(ii)

(iii)

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OilRakers
(a) Audit procedures to be used prior to the audit report being signed

Reviewing  procedures  established  by  management  to  try  and  ensure  that  subsequent events are identified.  Reading  minutes  of  the  meetings  of  directors,  the  audit  committee  and  shareholders and enquiring into unusual items.  Obtaining and reading the company’s latest interim accounts as well as any  budgets and cash flow forecasts.  Obtaining  additional  evidence  if  possible  from  the  company’s  lawyers  concerning litigation and claims.  Asking  management  as  to  whether  any  subsequent  events  have  occurred  such as  − − − − − New borrowing commitments Significant sales of assets New shares or debentures issued Assets being destroyed by flood, fire etc or impounded by the government Unusual accounting adjustments made or being contemplated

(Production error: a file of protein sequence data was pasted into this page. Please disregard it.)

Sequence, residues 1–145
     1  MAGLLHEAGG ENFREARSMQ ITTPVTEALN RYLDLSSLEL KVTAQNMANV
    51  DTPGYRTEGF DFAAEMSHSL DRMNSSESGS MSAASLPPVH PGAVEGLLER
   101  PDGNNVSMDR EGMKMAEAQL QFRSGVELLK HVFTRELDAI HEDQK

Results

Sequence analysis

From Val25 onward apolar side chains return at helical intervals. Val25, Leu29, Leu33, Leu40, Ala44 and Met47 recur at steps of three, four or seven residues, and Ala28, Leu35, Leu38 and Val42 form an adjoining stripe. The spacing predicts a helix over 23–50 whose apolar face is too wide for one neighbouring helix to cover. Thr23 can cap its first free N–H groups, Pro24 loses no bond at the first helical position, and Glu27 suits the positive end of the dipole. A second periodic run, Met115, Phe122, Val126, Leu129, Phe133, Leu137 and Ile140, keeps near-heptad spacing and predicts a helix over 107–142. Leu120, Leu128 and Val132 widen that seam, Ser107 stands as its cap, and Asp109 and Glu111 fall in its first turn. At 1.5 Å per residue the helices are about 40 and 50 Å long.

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Checking whether any events have occurred that could call into question the validity of the going concern assumption.

(b)

The three dates 15 August 20X5 (i) Adjusting or non-adjusting? The bankruptcy of a major customer provides additional evidence of conditions existing at the end of the reporting period. The customer will not be able to pay debts due, therefore receivables are overstated and the bad debt expense in the profit and loss account is understated. An adjustment for the amount of the receivable should be made in the financial statements. (ii) Auditor’s responsibility and audit procedures to be carried out The bankruptcy of the major customer takes place after the end of the year but before the financial statements and the auditor’s report are signed. As the auditor’s report has not been signed, the auditor is responsible for identifying material events that affect the financial statements. This means that audit procedures should be carried out which are designed to identify this event. Specific procedures undertaken include the following: